by Frank McGuinness.

Tricycle Theatre 269 Kilburn High Road NW6 7JR To 1 June 2013.
Mon-Sat 7.30pm Mat Sat 3pm & 22, 29 May 2pm.
Runs 1hr 40min No interval.

TICKETS 020 7328 1000.
Review: Carole Woddis 9 May.

Striking revenge drama.

Frank McGuinness is one of Ireland’s most uncompromising yet humane playwrights. His plays, over three decades, have always asked uncomfortable questions. This latest, from Liverpool’s energetic Everyman Playhouse, run by Gemma Bodinetz and Deborah Aydon, goes to the heart of modern life and the innocent victims of gang warfare; London headlines for the past several years have carried harrowing stories of young children caught in the crossfire.

The Match Box, set in Liverpool and on a remote island off the west coast of Ireland, is a gripping, deeply moving examination of the personal cost and public reactions to such an event through the eyes of Sal, a young, unmarried Liverpool mother of Irish extraction who loses her daughter, Mary, needlessly in the crossfire of a gang shooting.

In a stunning solo tour de force, Leanne Best as Sal rewinds us back to the birth of her daughter, the small day-to-day habits that informed their lives, the sudden intrusion of tragedy and reactions to it from herself and others.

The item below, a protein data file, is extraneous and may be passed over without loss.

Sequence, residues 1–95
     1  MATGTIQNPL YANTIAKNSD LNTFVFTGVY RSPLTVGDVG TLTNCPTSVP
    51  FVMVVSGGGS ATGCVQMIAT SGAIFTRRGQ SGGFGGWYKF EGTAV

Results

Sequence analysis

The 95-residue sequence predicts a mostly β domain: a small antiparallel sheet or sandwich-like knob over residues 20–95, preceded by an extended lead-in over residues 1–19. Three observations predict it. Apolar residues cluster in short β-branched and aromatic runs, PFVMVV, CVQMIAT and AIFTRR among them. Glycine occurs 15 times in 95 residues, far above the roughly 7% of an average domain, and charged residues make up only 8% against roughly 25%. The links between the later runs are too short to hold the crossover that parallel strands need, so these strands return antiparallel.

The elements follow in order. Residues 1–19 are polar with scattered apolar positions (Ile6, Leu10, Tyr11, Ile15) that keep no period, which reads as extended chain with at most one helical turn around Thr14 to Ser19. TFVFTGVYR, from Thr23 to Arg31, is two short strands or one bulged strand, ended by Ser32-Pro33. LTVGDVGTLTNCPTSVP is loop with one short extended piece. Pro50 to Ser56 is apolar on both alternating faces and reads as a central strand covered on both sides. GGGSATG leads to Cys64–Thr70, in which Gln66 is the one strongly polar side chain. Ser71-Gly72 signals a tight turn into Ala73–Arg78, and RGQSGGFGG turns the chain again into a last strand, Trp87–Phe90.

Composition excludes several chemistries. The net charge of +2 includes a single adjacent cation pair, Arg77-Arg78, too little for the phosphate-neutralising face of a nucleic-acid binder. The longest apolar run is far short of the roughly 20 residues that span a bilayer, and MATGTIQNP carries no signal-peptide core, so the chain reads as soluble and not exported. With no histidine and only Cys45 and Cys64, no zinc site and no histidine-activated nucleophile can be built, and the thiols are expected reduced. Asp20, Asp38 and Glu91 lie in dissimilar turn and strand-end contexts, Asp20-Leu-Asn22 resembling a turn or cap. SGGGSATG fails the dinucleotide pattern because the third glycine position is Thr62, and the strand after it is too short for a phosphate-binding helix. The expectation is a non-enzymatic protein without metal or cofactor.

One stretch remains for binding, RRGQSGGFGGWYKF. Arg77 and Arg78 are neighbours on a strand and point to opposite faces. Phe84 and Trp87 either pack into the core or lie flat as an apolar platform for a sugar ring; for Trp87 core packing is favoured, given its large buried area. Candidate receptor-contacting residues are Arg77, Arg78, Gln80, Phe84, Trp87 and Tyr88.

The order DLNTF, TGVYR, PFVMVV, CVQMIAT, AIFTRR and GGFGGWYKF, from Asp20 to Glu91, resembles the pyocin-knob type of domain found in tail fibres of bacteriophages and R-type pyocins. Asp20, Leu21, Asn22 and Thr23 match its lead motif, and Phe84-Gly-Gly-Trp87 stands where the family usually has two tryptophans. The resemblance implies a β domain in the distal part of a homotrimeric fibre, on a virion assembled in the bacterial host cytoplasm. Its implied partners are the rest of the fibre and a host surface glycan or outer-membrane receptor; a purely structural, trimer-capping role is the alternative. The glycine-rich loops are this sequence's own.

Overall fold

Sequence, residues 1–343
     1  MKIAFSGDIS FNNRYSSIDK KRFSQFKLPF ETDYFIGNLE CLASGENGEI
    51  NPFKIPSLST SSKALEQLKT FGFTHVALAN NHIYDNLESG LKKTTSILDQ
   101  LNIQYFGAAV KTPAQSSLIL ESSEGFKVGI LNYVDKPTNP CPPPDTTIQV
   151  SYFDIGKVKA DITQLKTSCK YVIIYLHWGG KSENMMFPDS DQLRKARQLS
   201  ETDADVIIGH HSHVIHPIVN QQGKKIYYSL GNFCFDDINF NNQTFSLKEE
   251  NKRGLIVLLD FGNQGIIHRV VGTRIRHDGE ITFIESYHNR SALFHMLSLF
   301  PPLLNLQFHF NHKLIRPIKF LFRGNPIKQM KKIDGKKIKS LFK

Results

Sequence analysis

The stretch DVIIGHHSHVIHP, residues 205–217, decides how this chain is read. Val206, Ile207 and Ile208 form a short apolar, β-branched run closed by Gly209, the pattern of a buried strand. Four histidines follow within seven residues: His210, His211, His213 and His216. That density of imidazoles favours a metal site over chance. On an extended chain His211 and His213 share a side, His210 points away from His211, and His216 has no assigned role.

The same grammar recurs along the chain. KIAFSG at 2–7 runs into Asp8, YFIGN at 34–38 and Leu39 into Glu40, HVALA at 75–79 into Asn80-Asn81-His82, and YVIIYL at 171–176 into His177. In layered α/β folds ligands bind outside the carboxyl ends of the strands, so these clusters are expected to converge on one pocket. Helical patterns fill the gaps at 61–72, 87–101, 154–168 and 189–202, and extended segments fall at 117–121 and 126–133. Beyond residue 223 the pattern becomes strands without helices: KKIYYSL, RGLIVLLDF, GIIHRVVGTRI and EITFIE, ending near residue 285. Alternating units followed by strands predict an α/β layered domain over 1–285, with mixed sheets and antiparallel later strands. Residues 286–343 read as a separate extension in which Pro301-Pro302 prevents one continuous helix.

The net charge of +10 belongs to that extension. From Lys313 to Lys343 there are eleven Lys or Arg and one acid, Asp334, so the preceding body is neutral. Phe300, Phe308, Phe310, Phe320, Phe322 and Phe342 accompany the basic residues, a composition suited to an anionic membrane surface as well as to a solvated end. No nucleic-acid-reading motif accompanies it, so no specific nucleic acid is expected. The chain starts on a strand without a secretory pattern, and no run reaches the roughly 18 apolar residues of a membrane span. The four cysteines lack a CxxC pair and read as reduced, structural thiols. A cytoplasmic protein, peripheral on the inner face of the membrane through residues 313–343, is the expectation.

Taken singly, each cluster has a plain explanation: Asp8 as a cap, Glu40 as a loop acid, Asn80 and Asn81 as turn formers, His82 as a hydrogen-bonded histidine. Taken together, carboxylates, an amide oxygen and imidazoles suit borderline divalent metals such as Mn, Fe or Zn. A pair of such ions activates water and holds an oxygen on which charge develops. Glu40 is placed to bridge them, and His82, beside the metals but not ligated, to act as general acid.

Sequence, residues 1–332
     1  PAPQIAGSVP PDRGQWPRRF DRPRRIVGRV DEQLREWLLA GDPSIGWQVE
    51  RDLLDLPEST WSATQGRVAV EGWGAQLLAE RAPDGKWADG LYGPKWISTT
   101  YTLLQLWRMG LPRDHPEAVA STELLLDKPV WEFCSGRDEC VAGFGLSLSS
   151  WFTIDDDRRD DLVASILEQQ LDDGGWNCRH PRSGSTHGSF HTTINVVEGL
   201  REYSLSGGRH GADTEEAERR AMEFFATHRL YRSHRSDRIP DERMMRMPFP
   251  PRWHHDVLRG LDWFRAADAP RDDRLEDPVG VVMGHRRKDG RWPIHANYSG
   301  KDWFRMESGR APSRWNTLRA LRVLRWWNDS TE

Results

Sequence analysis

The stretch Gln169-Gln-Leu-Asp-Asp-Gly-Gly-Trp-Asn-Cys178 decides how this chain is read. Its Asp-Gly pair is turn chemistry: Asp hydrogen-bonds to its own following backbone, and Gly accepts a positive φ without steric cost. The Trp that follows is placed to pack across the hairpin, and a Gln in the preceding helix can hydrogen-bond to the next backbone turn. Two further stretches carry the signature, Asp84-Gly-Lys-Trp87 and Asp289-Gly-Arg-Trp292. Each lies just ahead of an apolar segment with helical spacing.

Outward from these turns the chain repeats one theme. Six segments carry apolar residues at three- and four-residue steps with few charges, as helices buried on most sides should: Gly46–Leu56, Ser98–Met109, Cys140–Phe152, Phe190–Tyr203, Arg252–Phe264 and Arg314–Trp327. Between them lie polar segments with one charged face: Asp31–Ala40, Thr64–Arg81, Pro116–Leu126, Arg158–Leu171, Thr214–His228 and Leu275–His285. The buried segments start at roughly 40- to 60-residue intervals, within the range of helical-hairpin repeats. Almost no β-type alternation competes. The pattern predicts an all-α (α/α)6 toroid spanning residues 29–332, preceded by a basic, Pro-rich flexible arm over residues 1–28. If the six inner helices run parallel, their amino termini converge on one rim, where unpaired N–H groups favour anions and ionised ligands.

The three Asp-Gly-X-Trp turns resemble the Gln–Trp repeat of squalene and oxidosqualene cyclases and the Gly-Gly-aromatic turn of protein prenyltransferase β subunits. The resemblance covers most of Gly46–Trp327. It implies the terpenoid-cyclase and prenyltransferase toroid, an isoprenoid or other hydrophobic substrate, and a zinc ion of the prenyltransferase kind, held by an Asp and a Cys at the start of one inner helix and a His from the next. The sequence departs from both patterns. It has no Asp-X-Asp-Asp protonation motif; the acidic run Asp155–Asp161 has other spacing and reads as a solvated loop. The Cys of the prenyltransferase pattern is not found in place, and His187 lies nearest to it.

And here McGuinness plays his master card. For Sal’s reaction turns out not to be one of apparent forgiveness much to the consternation of those around her.

The Match Box, however, is shot through with ambivalence, in its writing and in Best’s playing, which encourages us as confidants to her secret thoughts and feelings but then overturns those expectations. She may or may not have played a part in a fire in which two brothers, suspected of her daughter’s murder, died.

Skilfully intertwining jaunty defiance with agony, in a stunning climax McGuinness shows Sal back in exile in Ireland, alone, ultimately surrendering to gut-wrenching grief with a howl of pain that reaches back into time.

Directed by Lia Williams with a superb sense of atmosphere on a set that looks like every run-down farmhouse there has ever been in Irish drama, from Synge to McDonagh, McGuinness has produced one of his most powerfully resonant commentaries on human behaviour, where Sal’s constant striking of matches becomes a time-bomb ticking metaphor for the brevity of life and the primordial urge for justice and revenge.

Sal: Leanne Best.
Director: Lia Williams.
Designer: Colin Richmond.
Lighting: Charlie Lucas.
Sound/Composer: Giles Perring.

World premiere at Liverpool Playhouse Studio 14 June 14 2012.

2013-05-11 01:02:34

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